Tuesday, May 27, 2008

Sharing the Wealth

The latest government plan to juice purchasing power involves intéressement and participation. Both are forms of profit sharing, but as far as I know there are no precise American equivalents, so the terms are perhaps best left untranslated. In France, participation is mandatory in firms with more than 50 employees. A share of any profits earned by the firms is distributed to employees, but distributions had been "blocked" for five years, meaning that they could not be converted to cash until a five-year waiting period had elapsed. Sarkozy is eliminating this waiting period, so accrued bonuses can be spent immediately.

Intéressement is a voluntary form of profit-sharing established by agreement between a firm and its employees. No waiting period is associated with it. Sarkozy is offering small firms that have not created such plans a tax credit to encourage them to do so now.

A firm can implement both types of profit-sharing if it wishes.


Anonymous said...

Interestingly, there is no clear economic rationale for the intéressement. I don't see the need for government intervention in this.

If it is in firms' interests to provide incentives, then they can already tie wages and profits.

If firms are not free to set wages and write flexible contracts, and if they would like to give incentives to their employees, then fine, let's increase the intéressement. But why not give firms and workers more leeway and decentralize wage bargaining at the firm level?

Sarkozy talked about le pouvoir d'achat and said that the intéressement could increase real wages. I don't see why we should give tax credits to basically increase wages: will the cost to taxpayers outweigh the benefits?

Unknown said...

The government can't order firms to raise wages, but it can offer incentives to do so in the form of tax credits. Higher wages can stimulate aggregate demand and thus the economy; that is in the general interest as long as the stimulus doesn't lead to excessive inflation, which is one reason to keep wage bargaining above the firm level, where it can be more easily coordinated. If workers at one firm see workers at another firm winning raises, there is a natural desire to want to "leapfrog" the comrades next door. Centralized wage bargaining tends to reduce this sort of behavior, and it is possibly one reason why German and Scandinavian unions have had some success in trading wage restraint for growth. Profit-sharing has the property of tying wage supplements to performance, which can be useful to firms but may be procylical in its macroeconomic effect, reducing demand when the economy turns down, which is undesirable for stability.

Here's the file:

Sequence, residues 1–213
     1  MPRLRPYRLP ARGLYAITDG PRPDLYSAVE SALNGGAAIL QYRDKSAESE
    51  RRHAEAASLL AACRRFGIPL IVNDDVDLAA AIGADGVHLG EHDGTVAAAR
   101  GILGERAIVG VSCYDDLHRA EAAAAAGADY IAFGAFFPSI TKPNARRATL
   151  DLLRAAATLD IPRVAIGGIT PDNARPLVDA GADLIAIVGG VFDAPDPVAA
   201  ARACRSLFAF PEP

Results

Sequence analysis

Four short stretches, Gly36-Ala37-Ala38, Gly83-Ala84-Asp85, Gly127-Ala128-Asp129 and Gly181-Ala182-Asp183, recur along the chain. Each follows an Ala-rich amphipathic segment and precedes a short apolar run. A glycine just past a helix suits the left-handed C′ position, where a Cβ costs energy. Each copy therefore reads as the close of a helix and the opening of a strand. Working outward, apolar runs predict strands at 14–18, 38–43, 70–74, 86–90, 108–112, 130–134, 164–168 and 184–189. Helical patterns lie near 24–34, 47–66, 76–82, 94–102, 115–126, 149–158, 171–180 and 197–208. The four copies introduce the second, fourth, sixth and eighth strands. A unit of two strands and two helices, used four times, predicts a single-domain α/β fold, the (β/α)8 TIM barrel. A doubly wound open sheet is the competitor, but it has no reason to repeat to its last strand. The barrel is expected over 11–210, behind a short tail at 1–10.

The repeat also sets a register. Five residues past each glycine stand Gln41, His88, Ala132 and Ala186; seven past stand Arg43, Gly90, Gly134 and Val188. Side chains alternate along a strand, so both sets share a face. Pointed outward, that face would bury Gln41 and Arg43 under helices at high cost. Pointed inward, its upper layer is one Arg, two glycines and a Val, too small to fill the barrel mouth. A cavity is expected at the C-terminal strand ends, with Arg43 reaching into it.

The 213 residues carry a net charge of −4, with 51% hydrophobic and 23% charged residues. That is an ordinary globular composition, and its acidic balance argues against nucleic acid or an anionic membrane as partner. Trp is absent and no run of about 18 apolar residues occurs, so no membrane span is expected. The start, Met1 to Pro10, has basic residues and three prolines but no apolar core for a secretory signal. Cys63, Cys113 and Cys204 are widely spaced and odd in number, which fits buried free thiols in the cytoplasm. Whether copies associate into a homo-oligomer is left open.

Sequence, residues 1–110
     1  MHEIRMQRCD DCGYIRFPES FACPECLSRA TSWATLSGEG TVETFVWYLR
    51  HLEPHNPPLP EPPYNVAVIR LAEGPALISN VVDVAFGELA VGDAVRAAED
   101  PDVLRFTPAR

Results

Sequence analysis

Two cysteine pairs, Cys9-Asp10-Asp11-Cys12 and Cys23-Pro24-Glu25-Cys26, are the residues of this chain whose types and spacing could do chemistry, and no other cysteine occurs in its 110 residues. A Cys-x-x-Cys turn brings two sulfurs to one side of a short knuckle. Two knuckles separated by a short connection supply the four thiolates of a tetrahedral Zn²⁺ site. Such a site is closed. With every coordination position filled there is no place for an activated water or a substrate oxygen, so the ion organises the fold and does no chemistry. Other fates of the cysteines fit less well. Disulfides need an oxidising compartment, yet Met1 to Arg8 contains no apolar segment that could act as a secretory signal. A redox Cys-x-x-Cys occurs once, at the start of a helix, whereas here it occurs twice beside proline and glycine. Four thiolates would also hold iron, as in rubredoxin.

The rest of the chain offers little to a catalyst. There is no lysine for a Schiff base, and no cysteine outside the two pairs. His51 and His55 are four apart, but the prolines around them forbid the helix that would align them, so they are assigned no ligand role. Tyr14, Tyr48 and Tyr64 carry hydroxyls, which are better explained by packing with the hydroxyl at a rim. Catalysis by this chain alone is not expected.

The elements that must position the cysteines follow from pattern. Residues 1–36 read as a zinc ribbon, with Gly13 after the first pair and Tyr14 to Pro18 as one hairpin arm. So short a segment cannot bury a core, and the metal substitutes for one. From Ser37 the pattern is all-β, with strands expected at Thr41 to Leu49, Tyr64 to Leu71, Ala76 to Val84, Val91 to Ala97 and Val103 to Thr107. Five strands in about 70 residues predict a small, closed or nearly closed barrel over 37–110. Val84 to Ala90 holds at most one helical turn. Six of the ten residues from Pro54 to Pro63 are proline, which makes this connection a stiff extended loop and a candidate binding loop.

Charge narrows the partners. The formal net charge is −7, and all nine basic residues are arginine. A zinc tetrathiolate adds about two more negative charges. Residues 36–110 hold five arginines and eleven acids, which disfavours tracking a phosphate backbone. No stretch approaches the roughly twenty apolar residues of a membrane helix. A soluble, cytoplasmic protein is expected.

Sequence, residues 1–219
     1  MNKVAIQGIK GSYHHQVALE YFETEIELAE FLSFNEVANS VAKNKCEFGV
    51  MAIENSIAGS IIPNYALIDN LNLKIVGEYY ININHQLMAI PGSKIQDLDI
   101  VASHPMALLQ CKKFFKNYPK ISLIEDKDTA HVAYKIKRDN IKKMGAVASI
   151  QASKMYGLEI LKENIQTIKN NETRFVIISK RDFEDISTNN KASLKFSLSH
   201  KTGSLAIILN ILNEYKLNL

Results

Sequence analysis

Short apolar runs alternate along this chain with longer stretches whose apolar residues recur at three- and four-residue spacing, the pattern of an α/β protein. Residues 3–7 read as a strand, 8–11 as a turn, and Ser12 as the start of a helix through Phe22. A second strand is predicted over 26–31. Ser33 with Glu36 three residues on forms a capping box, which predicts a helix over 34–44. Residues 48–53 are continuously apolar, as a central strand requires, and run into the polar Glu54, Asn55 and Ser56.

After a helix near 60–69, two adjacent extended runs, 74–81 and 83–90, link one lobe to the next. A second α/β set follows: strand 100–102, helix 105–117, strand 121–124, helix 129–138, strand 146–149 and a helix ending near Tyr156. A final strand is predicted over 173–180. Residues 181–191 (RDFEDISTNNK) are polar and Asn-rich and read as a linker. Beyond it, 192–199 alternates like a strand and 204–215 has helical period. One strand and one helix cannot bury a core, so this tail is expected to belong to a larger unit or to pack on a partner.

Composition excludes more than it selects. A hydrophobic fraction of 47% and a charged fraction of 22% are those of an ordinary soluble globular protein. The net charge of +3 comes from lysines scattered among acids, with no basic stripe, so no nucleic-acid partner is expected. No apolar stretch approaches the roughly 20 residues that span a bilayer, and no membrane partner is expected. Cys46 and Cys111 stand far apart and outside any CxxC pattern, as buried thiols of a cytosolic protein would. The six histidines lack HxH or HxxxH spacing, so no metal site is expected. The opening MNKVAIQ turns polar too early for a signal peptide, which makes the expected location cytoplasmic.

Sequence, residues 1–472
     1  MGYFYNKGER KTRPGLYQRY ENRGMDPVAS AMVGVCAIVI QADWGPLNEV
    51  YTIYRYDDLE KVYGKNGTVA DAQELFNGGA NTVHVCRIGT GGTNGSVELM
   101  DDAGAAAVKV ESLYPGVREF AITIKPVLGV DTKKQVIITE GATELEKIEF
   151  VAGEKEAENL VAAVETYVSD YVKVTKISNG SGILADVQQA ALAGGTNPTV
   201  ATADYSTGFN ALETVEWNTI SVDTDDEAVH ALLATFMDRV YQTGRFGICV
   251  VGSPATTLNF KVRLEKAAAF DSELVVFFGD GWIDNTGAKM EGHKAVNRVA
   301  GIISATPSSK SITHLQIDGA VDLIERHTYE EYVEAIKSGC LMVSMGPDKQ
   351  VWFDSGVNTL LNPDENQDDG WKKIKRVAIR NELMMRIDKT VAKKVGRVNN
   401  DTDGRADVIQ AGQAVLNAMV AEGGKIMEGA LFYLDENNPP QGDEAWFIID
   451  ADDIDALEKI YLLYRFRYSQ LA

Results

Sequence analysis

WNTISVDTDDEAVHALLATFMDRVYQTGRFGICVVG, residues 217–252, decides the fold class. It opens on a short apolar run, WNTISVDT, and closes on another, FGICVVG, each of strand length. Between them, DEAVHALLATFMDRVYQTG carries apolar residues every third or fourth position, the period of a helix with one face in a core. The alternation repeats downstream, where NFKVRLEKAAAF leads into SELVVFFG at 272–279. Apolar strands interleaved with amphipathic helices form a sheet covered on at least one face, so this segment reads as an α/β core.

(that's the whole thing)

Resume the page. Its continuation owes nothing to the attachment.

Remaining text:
Cimon said...

The waiting period is reduced in some cases : if you purchase a house, if you have kids or get married...

MYOS said...

A friend of mine who works in Human Resources is rubbing her hands: according to her, the way the project is worded, they'll be able to offer lower monthly wages with promises of a one-shot bonus based on collective performance. Hence, lower expenses for her firm in the long run. She dismissed any notion it'd increase "pouvoir d'achat" for salaried wage-earners although to me the idea seemed promising and a good compromise.
She also said the intéressement and participation ideas came from De Gaulle and had been implemented in 67.

Amine said...


Your reply is very interesting.

Well, yes, governement intervention can take many forms, including tax credits.

It seems like we're going to the same old debate about the effect of stimulating consumption through tax cuts. The likely effects of tax cuts on consumption are small, all the more that firms' wage policies react to that, and that our economies are open to international trade. One extra euro is likely to be spent on foreign goods, and the Keynesian multiplier is very low in an open economy.

I hadn't thought about centralized bargaining and inflation control. That's a good point. But again, in an open economy, it's hard to argue that workers can really ask for wage increases. They are competing with foreign workers basically.

Anyway, I think this is a hard question and thanks for the debate.